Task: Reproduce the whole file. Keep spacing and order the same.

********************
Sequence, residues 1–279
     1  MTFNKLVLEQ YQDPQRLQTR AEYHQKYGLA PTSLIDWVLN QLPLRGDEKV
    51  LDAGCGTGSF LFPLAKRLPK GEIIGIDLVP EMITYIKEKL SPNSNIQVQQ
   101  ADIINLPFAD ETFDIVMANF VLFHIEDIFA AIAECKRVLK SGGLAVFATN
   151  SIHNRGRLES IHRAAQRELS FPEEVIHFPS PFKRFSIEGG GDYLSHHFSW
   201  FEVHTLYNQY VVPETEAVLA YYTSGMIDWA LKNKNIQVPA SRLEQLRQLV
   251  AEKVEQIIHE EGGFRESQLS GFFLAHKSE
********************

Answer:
Sequence, residues 1–279
     1  MTFNKLVLEQ YQDPQRLQTR AEYHQKYGLA PTSLIDWVLN QLPLRGDEKV
    51  LDAGCGTGSF LFPLAKRLPK GEIIGIDLVP EMITYIKEKL SPNSNIQVQQ
   101  ADIINLPFAD ETFDIVMANF VLFHIEDIFA AIAECKRVLK SGGLAVFATN
   151  SIHNRGRLES IHRAAQRELS FPEEVIHFPS PFKRFSIEGG GDYLSHHFSW
   201  FEVHTLYNQY VVPETEAVLA YYTSGMIDWA LKNKNIQVPA SRLEQLRQLV
   251  AEKVEQIIHE EGGFRESQLS GFFLAHKSE